The young and gifted Arodys Vizcaino: A Brave no longer. (AJC photo by Jason Getz)

The young and gifted Arodys Vizcaino: A Brave no longer. (AJC photo by Jason Getz)

Keith Law might or might not be the shrewdest analyst of minor-league talent — me, I think he’s pretty sharp — but because he works for the Worldwide Leader he has the biggest audience. And when Law writes something on ESPN Insider, it resonates.

About the Braves’ trade with the Cubs, Law wrote this (link requires registration): “The price for Atlanta … was too high.”

Also this: “Atlanta gets marginally better for this year with the additions of [Paul] Maholm and [Reed] Johnson, but the Cubs land the best prospect they’re likely to obtain in this year’s trade market in exchange for two players they didn’t need.”

Law calls Maholm “a back-end starter with a proven record for durability” and Johnson “a capable extra outfielder … who has a long history of mashing left-handed pitching.”

About Arodys Vizcaino, the 21-year-old pitcher the Braves sent to the Cubs: This spring, Law ranked him as the …

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Video: Maholm, Johnson and the Braves’ chances in the East

Continue reading Video: Maholm, Johnson and the Braves’ chances in the East »

Braves trade! Braves trade! And it’s a pretty darned good one!

After midnight, Frank Wren briefs the still-assembled media. (Photo by M. Bradley)

After midnight, GM Frank Wren briefs the still-assembled media. (Photo by M. Bradley)

Well, the Braves landed a Cub after all. Two of them, in fact, neither being Ryan Dempster. But enough about him.

Just after midnight, the Braves announced they had acquired Paul Maholm, a left-handed starting pitcher, and Reed Johnson, a right-handed bat. Johnson will definitely help a bench that needs all the help it can get. Maholm can’t possibly hurt a rotation that wasn’t exactly brimming with excellence.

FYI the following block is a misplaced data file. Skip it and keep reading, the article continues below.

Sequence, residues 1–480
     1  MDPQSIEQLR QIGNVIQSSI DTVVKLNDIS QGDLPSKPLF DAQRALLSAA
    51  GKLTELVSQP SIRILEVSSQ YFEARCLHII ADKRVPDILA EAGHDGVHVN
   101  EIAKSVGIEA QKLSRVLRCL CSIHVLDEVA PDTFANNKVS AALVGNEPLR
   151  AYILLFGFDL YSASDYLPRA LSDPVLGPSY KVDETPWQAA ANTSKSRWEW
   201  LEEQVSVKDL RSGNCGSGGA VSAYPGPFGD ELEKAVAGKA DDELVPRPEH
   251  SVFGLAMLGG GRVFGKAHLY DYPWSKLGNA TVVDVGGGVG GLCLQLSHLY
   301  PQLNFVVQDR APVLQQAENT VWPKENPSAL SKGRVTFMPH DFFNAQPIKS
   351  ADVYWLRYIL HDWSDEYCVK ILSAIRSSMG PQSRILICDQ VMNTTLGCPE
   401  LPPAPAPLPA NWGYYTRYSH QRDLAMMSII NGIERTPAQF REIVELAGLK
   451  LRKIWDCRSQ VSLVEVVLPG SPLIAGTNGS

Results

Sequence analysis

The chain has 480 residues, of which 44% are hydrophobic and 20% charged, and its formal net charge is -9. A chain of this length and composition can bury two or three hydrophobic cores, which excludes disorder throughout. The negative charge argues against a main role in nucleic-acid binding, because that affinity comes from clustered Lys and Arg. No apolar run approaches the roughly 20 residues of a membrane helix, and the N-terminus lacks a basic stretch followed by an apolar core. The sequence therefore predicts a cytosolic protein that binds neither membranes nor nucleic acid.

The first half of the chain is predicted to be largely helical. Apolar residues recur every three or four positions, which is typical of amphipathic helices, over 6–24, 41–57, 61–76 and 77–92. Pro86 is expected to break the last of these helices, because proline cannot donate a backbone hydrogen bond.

Maholm isn’t a No. 1 starter, but he was 9-6 with an ERA of 3.74 for a terrible team, and he has been really good of late: Over his past six starts, he has yielded one run at most. By way of contrast, Mike Minor is 6-7 with an ERA of 5.18, and Tommy Hanson, who’s 12-5, has an ERA of 4.29. Immediately after Hanson beat the Marlins on Monday, manager Fredi Gonzalez suggested the pitcher might need to skip a turn, which isn’t the most heartfelt vote of confidence.

Let’s be clear: This …

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If Braves don’t land a big arm, Hanson becomes the key man

Tommy Hanson on a hot Monday night. (AP photo)

Here's Tommy Hanson on a hot Monday night. (AP photo)

Asked for his Trade Deadline wish list, Chipper Jones said Monday: “I’d like Josh Johnson, [Ryan] Dempster and Cliff Lee. We could trade our entire Triple A team for those three.”

Jones was kidding, sort of, but he was reminded that in 1993 the Braves’ Class AAA affiliate fully expected to be ravaged at the deadline. Jones was then Richmond’s shortstop; Ryan Klesko was the first baseman, Javy Lopez the catcher. With the Braves gazing upward at the Giants in the National West, it was thought that general manager John Schuerholz would have to part with one, maybe two, of the prized prospects to land Fred McGriff. Instead Schuerholz hooked McGriff for Melvin Nieves, a Richmond outfielder, and two lesser lights.

In the history of deadline deals, that’s about the best. McGriff showed up, the press box at the old stadium caught fire and the Braves overhauled San Francisco, which would win 103 games but, there being no wild card …